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Phillies celebrate John Kruk’s return to the broadcast booth on Truck Day

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A double shot of off-season news occurred on Wednesday at Citizens Bank Park.

MLB: Atlanta Braves at Philadelphia Phillies Bill Streicher-USA TODAY Sports

John Kruk loves the Phillies. He loves having been a part of the Phillies, and he loves coming back to the Phillies. He loves saying how nobody ever leaves the Phillies. He loves playing for the Phillies, he loves coaching for the Phillies, he loves broadcasting for the Phillies. He loves Philadelphia. He loves playing up the idea that it is difficult to play in Philadelphia, and that the guys who succeed here are part of some special club that broke through the local peoples’ hard shell to bathe in the warm goo underneath.

These are conclusions I’ve drawn over the years, watching Kruk interact with people and give public addresses. Even yesterday, as he talked to the media about rejoining the TV broadcast team, he discussed how dangerously intelligent we are; like sharks that have learned how to read. And understand baseball.

Why it’s taken so long for him to get a role with the organization is beyond me; the fact that he had another, probably more lucrative job at ESPN prior to this likely had something to do with it. I was a huge advocate for him to get the managing gig that went to Ryne Sandberg a few years ago - the Phillies were going to be bad, so why not just keep a loose clubhouse - though he wasn’t campaigning for the job and probably was unaware of my efforts to give it to him.

But now, thanks to a desire to put off retirement and cutbacks at Bristol (Kruk was sick of getting harassed with corporate phone calls on the golf course anyway), Kruk has returned to the Phillies’ broadcast booth for a formal gig for the first time since 2003. He may need to adjust expectations, having watched a team that year that actually finished ten games over .500, while the 2017 Phillies have been projected to finish somewhat lower than that. Then again, we might be lucky if he can reach the booth without getting stuck in a broom closet; he’s apparently bad at getting around in stadiums (“I really suck at that. I mean, it's terrible.") To be fair, we’ve all gotten lost countless times in large and small baseball venues, and anyone who says they haven’t is a shameful liar who deserves no respect.

But Kruk made it clear that he has no intention of “sugarcoating” anything for the fans or the players, and we can expect a certain amount of informal jawing with which radio listeners are already familiar. He’ll only be around for 90 games, but when he’s here, he’ll probably be a refreshing dose of Larry Andersen-brand color commentating to contrast the industrial, vanilla tone the Phillies TV broadcast has adopted since being reworked by a faceless cable conglomerate in 2014. But the man who got his career batting average up to an even .300 and then immediately quit playing baseball forever in the middle of a game should be able to provide the sort of relatable commentary we need to keep watching as the endless baseball season swallows our lives.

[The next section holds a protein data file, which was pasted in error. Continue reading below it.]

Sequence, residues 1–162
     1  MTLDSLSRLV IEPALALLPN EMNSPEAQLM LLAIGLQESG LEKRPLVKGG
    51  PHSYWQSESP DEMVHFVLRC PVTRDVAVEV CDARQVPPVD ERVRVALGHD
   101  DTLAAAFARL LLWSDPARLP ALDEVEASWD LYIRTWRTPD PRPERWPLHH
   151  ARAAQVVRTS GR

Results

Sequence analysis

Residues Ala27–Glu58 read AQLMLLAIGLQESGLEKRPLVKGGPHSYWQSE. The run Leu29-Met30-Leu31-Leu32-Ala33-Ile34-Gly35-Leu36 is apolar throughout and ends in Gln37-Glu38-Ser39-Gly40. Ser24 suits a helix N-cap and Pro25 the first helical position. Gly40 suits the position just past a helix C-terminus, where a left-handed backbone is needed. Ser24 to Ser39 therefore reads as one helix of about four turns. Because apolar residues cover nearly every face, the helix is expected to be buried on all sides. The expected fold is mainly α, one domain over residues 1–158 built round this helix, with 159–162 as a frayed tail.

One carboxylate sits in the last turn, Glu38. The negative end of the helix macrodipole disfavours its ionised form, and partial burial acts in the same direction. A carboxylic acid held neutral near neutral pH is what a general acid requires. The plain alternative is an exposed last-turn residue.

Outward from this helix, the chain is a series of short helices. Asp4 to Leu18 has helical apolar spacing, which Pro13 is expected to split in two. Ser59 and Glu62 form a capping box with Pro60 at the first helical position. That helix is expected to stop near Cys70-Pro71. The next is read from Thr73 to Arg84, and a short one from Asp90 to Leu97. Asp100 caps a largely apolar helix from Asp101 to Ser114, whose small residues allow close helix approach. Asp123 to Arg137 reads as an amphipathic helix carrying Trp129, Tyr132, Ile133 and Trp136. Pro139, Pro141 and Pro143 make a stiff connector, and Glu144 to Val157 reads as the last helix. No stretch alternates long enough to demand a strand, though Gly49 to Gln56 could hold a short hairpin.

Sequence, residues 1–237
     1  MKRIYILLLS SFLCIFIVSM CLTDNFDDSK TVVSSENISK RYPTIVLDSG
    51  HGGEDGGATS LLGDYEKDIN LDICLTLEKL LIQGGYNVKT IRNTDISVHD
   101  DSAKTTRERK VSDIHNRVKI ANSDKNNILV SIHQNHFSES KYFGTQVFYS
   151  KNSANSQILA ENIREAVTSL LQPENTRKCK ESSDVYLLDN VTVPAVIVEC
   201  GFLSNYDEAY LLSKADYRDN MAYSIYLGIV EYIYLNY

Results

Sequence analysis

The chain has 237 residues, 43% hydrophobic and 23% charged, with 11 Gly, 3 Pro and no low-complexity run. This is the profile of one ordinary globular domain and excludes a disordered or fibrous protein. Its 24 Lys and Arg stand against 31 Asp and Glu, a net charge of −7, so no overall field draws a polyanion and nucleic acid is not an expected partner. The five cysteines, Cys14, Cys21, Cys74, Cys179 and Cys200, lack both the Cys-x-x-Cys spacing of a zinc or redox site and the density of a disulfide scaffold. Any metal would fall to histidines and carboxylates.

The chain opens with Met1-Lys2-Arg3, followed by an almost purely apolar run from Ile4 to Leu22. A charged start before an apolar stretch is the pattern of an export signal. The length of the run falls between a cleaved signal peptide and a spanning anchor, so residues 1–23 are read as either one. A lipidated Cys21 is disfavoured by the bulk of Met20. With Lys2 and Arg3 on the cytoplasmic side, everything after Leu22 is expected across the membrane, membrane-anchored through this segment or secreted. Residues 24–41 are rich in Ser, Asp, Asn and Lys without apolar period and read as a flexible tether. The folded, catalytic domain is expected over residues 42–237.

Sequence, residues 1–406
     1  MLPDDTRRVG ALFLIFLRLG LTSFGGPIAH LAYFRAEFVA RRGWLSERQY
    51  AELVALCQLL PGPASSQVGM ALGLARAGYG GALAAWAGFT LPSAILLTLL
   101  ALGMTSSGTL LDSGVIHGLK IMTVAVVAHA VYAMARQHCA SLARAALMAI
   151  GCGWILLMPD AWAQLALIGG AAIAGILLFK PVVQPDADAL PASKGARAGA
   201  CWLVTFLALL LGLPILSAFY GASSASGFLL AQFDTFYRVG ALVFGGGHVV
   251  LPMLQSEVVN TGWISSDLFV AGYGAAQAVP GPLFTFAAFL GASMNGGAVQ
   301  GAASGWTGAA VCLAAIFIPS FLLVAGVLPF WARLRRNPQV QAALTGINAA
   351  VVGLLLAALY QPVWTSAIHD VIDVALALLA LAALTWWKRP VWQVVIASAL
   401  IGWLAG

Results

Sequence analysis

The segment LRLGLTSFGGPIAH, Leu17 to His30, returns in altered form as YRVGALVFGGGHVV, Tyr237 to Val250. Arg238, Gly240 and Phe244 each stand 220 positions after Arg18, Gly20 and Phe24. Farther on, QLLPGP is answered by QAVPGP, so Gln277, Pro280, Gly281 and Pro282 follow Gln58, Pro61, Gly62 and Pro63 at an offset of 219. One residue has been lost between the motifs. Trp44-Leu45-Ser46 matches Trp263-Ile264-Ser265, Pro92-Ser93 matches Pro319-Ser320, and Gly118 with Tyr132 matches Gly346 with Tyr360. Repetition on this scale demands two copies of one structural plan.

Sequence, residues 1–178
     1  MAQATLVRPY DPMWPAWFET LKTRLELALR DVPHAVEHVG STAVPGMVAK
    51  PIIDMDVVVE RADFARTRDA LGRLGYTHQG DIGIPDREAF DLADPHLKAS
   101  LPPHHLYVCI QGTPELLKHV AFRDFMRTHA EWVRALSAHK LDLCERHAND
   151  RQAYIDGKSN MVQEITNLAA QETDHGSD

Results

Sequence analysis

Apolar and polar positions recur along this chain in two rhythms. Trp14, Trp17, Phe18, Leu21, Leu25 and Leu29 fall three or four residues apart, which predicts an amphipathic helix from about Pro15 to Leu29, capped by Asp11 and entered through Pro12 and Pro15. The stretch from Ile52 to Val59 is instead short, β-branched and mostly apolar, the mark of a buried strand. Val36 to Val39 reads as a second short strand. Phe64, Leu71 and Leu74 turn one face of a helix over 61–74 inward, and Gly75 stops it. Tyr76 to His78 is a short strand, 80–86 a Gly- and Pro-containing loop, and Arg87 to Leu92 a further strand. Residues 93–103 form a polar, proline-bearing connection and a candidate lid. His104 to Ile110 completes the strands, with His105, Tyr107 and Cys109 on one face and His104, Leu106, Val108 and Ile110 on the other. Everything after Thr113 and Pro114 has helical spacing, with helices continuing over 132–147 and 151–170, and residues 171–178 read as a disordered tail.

Meanwhile, elsewhere in the park, a truck packed full baseball stuff was dispatched to Clearwater, so that all of the Phillies bats (1,200) and bicycles (6) and golf clubs (25 sets) will be down there when the players start arriving on February 13. My god, that’s in four days. We’re four moonrises from something that resembles baseball.

The Phillies explained, as they do every year, how their Truck Day is different from all other teams’ because their Truck Day involves the transportation of unlicensed, highly unstable weaponry.

Relax, that thing thing will be out of the back of a speeding truck and into the hands of a wild animal in no time.

Every year, baseball teams send their trucks to spring training locations several days before the team embarks, and every year we’re on edge: Will the truck survive the bone-strewn hellscape between here and Florida? What’s even out there, beyond Philadelphia city limits, anyway? Our overlords tell us nothing awaits us out there but death, but those trucks seem to safely arrive at their destination every year. You know, I’m starting to wonder if this is all just a government ruse in order to keep us afraid and therefore keep us in li[THIS BLOG POST HAS BEEN CENSORED BY THE PHILADELPHIA CITY GOVERNMENT. MAY GOD HAVE MERCY ON THAT TRUCK DRIVER’S SOUL AS IT EMBARKS ON A PERILOUS ODYSSEY OUTSIDE OF THE QUARANTINE ZONE, WHERE WE ARE SAFE FOREVER].